Sunday, October 3, 2021

The Many Saints of Newark won't please either Sopranos fans or crime movie junkies

One of the many virtues of the original Sopranos TV show is that it felt like it occupied a world you could walk into. That lent a sense of immediate tangibility to the stores, the homes, the streets, all while making the mobster characters extra terrifying. If you could reach out to touch one of the lampposts, surely Tony Soprano could reach out and wring your neck! It's one of the best qualities of The Sopranos and it's, unfortunately, missing from The Many Saints of Newark, a prequel feature film to the original TV show. Hailing from director Alan Taylor, this production feels more like a rushed trip down vaguely familiar neighborhoods than stopping by lived-in environments.

 The Many Saints of Newark travels back in time to 1967, where Dickie Moltisanti (Alessandro Nivola) is one of several New Jersey gangsters working overtime to keep a criminal empire moving smoothly. Among his associates is Johnny Soprano (Jon Bernthal) while Moltisanti also serves as a surrogate father figure to Tony Soprano (Michael Gandolfini). Simultaneously, Harold McBrayer (Leslie Odom Jr.) decides he's done just doing odd jobs for gangsters like Moltisanti, he wants to make something for himself. Also running as a subplot is the plight of Giuseppina Moltisanti (Michela de Rossi) and, in addition to becoming Moltisanti's lover, also wants to open up her own beauty salon.

If you know the TV show The Sopranos, you know none of these storylines will end in happiness. If you know that program, you'll also be super conscious of all the eye-rolling attempts at "fan-service" that The Many Saints of Newark throws your way. This includes the baffling decision to have actors like John Magaro and Billy Magnussen waltz around as younger versions of characters like Silvio Dante and Paulie Walnuts. These actors pucker their lips, flutter their arms, and adjust their gait, all in the name of mimicking performances from a TV show from twenty years ago. In the process of aiming for accurate mimicry, the world of Newark doesn't feel real. It just feels like we're watching footage from a Sopranos-themed cosplay convention.

The original show was all about uncovering everyday vulnerabilities in figures who could've just been caricatures. The Many Saints of Newark, meanwhile, just brings on the caricatures in an effort to remind you of what you know.

Another problem is David Chase and Lawrence Konner's messy screenplay, which spans so many storylines and over four years worth of events, but doesn't say much of anything. Take the 1967 Newark riots, a major historical event, but it just happens early on in the plot out of a sense of obligation rather than anything else. Meanwhile, the expansive scope keeps leaving seemingly critical details in the lurch. Giuseppina vanishes for such a long stretch of the runtime that I thought she and Dickie got a divorce. Worst of all, the script does such a poor job of accentuating the relationship Tony has to Dickie that it has to resort to characters dropping didactic lines like "You two sure are close, huh?"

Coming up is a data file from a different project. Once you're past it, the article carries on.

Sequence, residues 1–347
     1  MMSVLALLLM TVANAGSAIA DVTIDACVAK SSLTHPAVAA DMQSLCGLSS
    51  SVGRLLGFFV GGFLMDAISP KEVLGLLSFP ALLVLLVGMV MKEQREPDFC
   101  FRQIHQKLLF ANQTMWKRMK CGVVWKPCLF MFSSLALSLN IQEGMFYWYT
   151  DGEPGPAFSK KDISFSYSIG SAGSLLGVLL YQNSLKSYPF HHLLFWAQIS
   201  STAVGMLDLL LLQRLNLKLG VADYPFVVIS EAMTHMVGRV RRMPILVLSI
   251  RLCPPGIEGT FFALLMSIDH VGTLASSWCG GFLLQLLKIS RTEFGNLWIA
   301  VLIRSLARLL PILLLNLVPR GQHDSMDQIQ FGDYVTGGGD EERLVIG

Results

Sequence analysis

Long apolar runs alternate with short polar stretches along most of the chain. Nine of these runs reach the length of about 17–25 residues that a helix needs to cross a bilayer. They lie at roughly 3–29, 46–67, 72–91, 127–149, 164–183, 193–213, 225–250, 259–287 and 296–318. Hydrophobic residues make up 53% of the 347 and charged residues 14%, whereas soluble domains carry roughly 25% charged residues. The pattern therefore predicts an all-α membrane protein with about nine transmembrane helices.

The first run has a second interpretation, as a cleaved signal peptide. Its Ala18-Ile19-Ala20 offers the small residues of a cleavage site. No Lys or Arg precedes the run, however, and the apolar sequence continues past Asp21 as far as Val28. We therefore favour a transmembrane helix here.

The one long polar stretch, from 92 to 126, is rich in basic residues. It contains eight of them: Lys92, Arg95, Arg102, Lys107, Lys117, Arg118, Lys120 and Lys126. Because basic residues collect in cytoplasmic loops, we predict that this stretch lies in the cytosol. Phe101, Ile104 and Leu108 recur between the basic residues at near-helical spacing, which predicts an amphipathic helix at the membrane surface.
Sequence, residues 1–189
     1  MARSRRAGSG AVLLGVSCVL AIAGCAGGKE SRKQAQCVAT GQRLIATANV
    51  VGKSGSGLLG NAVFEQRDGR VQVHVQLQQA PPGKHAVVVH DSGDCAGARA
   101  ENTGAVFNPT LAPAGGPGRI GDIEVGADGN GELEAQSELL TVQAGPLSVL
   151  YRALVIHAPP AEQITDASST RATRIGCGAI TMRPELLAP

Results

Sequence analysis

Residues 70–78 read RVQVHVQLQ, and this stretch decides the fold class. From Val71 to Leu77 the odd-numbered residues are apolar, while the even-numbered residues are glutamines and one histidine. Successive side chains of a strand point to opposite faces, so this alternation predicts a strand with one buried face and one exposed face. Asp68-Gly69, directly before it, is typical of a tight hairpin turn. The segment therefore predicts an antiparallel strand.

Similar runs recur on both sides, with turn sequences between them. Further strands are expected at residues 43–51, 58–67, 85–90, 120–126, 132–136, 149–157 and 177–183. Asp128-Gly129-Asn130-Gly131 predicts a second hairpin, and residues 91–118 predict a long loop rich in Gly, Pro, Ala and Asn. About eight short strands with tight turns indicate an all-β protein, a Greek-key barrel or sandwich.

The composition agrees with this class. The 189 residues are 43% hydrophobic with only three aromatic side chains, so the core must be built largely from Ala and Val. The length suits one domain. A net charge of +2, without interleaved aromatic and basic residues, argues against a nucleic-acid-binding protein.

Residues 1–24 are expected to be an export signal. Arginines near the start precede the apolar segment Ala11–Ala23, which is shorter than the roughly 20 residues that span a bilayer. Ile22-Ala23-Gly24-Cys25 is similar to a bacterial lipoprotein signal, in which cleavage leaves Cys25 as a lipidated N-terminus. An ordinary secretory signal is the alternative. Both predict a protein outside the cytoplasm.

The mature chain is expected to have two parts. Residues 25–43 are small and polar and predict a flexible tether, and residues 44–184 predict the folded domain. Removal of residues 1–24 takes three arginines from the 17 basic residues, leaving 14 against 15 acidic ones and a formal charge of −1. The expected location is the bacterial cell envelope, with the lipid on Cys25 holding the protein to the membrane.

Part of the issue is that Dickie just isn't that interesting of a character despite being portrayed by talented performer Alessandro Nivola. If you held a gun to my head, I couldn't describe his personality and it seems like he's the lead character mostly because his son was a principal character on The Sopranos. The screenplay never justifies why he's the most prominent figure in this narrative. Then again, maybe Dickie would've proven more interesting if the filmmaking was more up to par. Director Alan Taylor captures The Many Saints of Newark with a shocking level of flatness, it's almost insulting how little imagination there is to the blocking and staging. 

A distracting sense of artificiality permeates key scenes, like a beachside conversation between Dickie and Giuseppina, that just further removes you from what's happening on-screen. Taylor's lack of thoughtfulness extends to a soundtrack full of predictable needle drops for any movie set in the 1960s and 1970s. We should all thank our lucky stars they just didn't find a spot for Fortunate Son to blare on the soundtrack! 

Not all of The Many Saints of Newark is a waste. The cast has its bright spots, including Michael Gandolfini doing nicely understated work as a young Tony Soprano. The more restrained of Ray Liotta's two roles is also a highlight of the film, Liotta does commendable work conveying a greater sense of consciousness than anyone else in the cast of just how inescapably empty this mob life is. Committing to that level of bleakness is admirable, but The Many Saints of Newark rarely does anything truly interesting with that element. It's either functioning as a generic crime movie or, as seen in its unintentional comical ending, middle-of-the-road Sopranos fan-fiction. 

Instead of waking up this morning and getting yourself a gun, how about just getting a movie more competently made than The Many Saints of Newark?

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